NYU Winthrop Hospital’s Pediatric Feeding and Swallowing Program provides comprehensive feeding and swallowing evaluation, diagnosis and treatment program for infants, toddlers, children and adolescents.
The Program’s goal is to maximize feeding skills and improve each child’s well-being through treatment, training and parental support. Treatment plans take into account the interconnection of motor, sensory, behavioral, nutritional and underlying medical conditions related to the child’s feeding and swallowing problems.
Family and Caregiver Feeding Education
We consider family involvement to be a key component of our feeding program. We educate parents and caregivers on any potential safety concerns. We provide training in home exercise programs and strategies to ensure that the child’s feeding skills develop appropriately according to age, skill level, and medical requirements.
What are sensory-based feeding difficulties?
Children with sensory-based feeding difficulties frequently limit the types of food and liquid that they are willing to eat based on consistency, texture, color, shape, size, etc. Problems with sensory regulation and sensory defensiveness lead toward many undesirable mealtime behaviors.
How is feeding therapy reimbursed?
At NYU Winthrop’s Pediatric Feeding and Swallowing Program, a large number of insurance carriers are accepted. Your insurance company will allocate how many sessions are to be provided based on an in-depth evaluation report provided to them after the initial appointment.
When Should You Seek Treatment?
If your child demonstrates some of these difficulties, a consultation with a Feeding Specialist should be made:
- Eats less than 20 different foods
- Food refusal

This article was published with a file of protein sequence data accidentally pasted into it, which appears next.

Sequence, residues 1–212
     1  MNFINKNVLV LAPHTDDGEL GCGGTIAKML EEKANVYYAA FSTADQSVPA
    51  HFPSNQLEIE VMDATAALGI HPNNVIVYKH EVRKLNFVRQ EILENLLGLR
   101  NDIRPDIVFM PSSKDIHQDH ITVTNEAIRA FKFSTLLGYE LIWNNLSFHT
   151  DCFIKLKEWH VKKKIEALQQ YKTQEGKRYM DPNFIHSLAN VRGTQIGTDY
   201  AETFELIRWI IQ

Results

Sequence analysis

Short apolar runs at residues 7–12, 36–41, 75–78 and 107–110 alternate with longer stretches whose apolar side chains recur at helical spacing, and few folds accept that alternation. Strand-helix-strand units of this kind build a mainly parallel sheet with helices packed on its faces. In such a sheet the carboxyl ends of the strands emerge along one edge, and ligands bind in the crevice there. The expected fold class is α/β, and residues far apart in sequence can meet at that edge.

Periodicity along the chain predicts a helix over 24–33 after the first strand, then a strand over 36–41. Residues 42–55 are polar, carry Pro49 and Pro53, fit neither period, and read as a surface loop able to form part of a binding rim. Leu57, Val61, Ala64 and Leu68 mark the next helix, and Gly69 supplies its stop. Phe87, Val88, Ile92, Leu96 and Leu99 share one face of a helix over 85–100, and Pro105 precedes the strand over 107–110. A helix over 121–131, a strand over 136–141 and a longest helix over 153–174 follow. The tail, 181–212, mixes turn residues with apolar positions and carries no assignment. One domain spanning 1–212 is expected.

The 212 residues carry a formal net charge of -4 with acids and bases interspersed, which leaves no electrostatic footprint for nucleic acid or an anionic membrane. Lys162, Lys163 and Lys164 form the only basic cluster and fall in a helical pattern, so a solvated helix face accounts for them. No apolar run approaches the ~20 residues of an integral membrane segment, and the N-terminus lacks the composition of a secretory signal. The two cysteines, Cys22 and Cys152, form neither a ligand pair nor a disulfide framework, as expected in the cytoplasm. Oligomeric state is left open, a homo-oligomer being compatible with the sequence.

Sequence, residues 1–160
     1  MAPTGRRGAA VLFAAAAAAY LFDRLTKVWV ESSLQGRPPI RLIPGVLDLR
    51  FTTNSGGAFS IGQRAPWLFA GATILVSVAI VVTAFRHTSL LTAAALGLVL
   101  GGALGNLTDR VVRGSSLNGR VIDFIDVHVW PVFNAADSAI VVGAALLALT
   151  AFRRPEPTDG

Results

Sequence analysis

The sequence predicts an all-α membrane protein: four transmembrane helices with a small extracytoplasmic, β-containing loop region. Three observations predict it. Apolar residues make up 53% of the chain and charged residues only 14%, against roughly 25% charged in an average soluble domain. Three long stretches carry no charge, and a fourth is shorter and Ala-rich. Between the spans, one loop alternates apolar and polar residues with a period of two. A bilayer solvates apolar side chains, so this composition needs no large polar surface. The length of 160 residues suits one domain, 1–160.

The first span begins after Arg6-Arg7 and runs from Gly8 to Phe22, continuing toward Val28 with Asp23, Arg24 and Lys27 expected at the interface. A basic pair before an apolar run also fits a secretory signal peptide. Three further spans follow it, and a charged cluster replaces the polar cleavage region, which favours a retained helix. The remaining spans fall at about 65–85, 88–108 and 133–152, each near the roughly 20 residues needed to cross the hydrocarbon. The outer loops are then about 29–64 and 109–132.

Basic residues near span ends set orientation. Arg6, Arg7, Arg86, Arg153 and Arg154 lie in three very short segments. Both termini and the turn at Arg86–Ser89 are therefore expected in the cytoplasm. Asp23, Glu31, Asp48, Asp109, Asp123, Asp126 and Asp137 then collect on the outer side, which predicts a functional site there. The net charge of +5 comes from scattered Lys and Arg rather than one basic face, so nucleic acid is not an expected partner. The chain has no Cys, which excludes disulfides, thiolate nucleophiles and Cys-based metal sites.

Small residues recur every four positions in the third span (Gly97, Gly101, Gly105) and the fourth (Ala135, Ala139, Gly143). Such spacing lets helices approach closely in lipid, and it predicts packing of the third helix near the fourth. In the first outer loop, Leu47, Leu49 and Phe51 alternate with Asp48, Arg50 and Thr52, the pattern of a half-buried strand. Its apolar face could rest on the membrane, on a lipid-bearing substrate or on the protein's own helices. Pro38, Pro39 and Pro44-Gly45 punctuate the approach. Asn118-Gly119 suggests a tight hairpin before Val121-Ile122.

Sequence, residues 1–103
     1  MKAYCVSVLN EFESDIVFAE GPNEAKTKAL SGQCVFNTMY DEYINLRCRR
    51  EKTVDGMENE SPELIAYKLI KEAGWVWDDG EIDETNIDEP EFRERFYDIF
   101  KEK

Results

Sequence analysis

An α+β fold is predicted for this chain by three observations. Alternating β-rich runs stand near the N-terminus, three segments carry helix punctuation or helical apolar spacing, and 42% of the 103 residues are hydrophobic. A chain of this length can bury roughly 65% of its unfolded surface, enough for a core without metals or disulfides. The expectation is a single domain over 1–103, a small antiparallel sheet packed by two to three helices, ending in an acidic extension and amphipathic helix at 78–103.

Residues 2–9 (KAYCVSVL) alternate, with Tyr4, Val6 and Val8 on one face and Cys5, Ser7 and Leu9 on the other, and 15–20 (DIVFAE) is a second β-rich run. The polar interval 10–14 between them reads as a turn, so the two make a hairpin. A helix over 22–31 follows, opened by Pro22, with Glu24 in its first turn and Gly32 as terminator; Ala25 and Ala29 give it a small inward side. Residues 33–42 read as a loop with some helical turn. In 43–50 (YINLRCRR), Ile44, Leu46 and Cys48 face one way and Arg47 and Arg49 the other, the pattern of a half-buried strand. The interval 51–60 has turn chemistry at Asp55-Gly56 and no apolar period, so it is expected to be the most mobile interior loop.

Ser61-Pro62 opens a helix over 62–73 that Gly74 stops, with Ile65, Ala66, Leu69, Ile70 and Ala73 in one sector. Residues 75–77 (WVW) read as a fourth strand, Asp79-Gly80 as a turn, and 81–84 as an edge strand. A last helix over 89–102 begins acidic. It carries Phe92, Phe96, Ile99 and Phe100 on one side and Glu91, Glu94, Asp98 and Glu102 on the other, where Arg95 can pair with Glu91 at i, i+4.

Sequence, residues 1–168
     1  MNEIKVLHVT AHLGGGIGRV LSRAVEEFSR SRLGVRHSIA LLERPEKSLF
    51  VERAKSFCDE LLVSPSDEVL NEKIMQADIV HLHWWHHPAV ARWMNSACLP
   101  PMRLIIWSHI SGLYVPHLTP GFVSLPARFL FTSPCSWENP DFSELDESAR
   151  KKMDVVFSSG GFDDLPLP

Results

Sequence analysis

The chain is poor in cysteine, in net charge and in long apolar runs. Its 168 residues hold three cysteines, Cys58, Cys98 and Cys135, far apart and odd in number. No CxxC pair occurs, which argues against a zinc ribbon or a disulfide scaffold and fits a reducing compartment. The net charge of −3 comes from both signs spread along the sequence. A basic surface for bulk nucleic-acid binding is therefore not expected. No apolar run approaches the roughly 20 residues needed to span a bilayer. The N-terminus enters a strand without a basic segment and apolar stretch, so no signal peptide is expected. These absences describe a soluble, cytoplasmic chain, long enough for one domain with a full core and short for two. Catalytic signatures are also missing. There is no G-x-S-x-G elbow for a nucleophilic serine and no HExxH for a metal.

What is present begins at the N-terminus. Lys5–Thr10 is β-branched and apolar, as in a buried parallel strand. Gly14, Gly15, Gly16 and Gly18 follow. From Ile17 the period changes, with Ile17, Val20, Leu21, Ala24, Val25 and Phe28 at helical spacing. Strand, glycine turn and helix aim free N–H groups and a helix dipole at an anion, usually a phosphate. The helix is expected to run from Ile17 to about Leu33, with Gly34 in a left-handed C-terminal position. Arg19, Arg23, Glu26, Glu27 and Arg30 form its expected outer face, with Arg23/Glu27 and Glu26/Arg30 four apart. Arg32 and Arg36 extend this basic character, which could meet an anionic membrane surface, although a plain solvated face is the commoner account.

- Extreme pickiness based on food type and/or texture
- Mealtime tantrums
- Inadequate weight gain
- Frequent bottle and/or formula changes
- Dysphagia (swallowing difficulty)
- Oral motor weakness
- Delayed feeding development
- Food or swallowing phobias
Did You Know?
- 40% of children (infants to adolescents) have feeding difficulties.
- 80% of children diagnosed with developmental disabilities will have a feeding problem.
- By 12 months, a child should be able to eat all food types and textures.
It is common for parents of children with feeding difficulties to feel guilt, inadequacy, concern and anxiety.
If left untreated, a feeding problem can lead to persistent medical, social, psychological, nutritional and academic deficits.
If a child is hungry enough, he/she will eat. They will not starve themselves
This is true for about 94-96% of the pediatric population. For the other 4-6% of the pediatric population who have feeding problems, they will “starve” themselves.
Eating is instinctual
Eating is a learned behavior. If children can learn to like eating, they can learn to “dislike” eating as well.
My child is just picky, they’ll grow out of it.
Without appropriate intervention, a child can continue to limit their diet well into adulthood.